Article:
James W. Douglass Talks about Gandhi and the Unspeakable: His Final Experiment with Truth
IN-DEPTH VIDEOS, 28 Jan 2019
Today India, a country of nearly 1.4 billion people, nearly a fifth of the world’s population, is a nuclear armed state ruled by leaders who have vociferously rejected the nonviolent legacy of Gandhi, the leader of India’s independence movement and the Father of the Nation. When he was assassinated on January 30, 1948, his death sent shockwaves especially throughout the Hindu and Muslim worlds because his mighty efforts to create peace between them were stilled. Today, India and Pakistan and the whole world live with its implications and the nuclear weapons brandished by leaders devoted to violence as a means of control and the method for resolving disputes. Nevertheless, the spirit of Gandhi’s nonviolent experiments with truth live throughout the world in individuals and groups intent on de-nuclearizing the world and resolving conflicts nonviolently. The writer and peace-activist James Douglass, a guide to such experiments with truth and author of many books on nonviolence and the meaning of political assassinations, including his profound JFK And The Unspeakable: Why He Died & Why It Matters, recently travelled to Gandhi’s home district in India and delivered the following talk in conjunction with the translation into Gujarati by Gandhi’s great-great-granddaughter, Sonalben Parikh, of his book, Gandhi and the Unspeakable: His Final Experiment With Truth by Yanja Prakashan (“Sacred Fire”) publisher. His important talk begins 26:58 minutes into the following video, after initial remarks about the book in Gujarati by Sonalben Parikh.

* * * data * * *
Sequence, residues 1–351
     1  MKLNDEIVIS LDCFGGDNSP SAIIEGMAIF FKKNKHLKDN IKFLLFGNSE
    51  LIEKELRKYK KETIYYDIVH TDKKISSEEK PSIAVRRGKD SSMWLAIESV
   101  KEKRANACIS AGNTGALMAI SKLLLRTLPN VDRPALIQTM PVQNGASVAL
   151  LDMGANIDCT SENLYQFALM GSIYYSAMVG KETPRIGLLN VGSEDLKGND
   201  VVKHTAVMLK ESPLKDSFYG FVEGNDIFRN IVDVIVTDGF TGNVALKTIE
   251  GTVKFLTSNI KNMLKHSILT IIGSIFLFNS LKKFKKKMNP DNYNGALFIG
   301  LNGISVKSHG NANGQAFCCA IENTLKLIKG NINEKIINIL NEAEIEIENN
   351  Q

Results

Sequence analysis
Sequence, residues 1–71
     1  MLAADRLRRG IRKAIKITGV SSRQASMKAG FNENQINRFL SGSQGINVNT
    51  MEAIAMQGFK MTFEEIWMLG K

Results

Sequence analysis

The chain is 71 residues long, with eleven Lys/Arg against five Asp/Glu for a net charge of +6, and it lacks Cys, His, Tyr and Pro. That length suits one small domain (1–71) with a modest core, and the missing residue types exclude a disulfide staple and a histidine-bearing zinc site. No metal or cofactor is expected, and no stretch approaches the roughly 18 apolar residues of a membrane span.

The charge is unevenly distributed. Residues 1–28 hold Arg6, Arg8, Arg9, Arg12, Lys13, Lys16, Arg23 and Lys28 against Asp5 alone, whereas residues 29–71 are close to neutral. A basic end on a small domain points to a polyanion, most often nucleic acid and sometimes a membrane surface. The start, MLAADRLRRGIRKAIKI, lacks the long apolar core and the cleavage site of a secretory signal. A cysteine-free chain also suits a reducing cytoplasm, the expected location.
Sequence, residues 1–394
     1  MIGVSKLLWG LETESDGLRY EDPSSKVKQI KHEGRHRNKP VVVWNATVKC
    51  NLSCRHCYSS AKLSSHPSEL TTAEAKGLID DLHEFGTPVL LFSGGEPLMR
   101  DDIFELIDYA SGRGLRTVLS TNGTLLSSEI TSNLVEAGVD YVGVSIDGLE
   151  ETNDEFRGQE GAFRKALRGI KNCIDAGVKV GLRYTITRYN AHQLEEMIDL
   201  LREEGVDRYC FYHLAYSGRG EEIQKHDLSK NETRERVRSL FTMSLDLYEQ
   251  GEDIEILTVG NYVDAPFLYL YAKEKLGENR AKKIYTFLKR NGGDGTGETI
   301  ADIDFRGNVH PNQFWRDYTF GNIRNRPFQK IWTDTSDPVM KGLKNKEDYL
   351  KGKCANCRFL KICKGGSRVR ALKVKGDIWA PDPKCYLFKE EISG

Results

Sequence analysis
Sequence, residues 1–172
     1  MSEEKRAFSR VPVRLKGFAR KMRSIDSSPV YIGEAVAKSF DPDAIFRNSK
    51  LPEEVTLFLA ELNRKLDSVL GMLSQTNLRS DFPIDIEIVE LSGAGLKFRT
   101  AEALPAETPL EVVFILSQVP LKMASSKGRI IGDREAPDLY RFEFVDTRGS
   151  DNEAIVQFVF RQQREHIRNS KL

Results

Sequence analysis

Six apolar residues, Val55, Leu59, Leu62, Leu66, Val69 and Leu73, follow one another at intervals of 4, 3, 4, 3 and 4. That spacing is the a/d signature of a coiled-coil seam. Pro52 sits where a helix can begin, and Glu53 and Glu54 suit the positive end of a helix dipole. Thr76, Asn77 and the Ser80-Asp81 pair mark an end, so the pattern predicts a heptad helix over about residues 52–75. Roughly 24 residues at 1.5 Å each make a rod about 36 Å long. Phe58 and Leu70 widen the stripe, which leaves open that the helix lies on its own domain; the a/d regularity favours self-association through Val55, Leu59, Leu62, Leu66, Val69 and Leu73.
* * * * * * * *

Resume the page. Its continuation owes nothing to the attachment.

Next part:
Edward Curtin is a writer whose work has appeared widely. He is a member of the TRANSCEND Network for Peace Development Environment and teaches sociology at Massachusetts College of Liberal Arts. His website is http://edwardcurtin.com/
This article originally appeared on Transcend Media Service (TMS) on 28 Jan 2019.
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